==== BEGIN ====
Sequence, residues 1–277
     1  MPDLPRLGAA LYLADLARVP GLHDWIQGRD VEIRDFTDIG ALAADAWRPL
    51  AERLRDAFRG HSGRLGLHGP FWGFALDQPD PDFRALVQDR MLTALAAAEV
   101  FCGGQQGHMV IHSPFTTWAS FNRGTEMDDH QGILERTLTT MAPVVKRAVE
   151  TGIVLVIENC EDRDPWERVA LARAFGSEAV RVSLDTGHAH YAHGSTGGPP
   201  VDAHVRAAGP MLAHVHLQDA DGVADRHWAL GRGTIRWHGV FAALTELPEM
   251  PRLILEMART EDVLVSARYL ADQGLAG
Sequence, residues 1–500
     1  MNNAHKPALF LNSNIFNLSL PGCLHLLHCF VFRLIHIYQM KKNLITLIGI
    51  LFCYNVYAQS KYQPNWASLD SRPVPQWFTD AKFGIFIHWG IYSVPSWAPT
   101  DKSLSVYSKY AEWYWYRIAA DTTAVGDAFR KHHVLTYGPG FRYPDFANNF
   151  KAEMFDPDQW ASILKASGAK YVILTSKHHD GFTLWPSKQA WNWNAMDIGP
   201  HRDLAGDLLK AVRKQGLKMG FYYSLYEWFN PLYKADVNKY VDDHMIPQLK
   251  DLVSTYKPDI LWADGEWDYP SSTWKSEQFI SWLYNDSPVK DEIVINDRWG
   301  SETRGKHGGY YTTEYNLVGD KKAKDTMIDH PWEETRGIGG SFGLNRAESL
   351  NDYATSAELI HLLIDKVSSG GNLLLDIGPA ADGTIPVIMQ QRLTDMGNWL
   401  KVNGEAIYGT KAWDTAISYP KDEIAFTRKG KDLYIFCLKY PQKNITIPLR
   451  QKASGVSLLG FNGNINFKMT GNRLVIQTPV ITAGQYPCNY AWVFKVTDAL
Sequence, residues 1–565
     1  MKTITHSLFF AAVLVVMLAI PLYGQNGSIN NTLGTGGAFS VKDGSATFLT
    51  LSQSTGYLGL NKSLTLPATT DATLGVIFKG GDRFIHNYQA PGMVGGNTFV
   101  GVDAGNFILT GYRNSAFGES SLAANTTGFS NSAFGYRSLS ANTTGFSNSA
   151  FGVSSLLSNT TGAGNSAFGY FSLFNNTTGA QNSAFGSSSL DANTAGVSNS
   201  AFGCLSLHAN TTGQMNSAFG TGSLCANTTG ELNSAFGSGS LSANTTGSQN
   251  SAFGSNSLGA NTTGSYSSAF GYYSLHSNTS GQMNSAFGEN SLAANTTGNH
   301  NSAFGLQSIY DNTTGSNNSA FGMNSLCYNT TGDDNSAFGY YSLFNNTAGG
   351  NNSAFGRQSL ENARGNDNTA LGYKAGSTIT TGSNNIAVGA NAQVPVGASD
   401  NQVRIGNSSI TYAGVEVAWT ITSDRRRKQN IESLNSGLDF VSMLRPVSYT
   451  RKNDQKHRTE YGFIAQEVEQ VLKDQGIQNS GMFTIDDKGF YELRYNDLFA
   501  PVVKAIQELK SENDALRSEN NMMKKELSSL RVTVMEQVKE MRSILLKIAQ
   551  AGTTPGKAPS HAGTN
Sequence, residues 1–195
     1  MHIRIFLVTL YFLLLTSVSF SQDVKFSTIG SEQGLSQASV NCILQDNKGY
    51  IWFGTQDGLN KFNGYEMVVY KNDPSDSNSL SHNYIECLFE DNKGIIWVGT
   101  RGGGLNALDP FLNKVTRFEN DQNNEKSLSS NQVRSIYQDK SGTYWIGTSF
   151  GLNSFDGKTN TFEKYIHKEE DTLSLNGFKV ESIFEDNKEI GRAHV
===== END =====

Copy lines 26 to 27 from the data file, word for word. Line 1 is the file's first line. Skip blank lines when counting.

   301  NSAFGLQSIY DNTTGSNNSA FGMNSLCYNT TGDDNSAFGY YSLFNNTAGG
   351  NNSAFGRQSL ENARGNDNTA LGYKAGSTIT TGSNNIAVGA NAQVPVGASD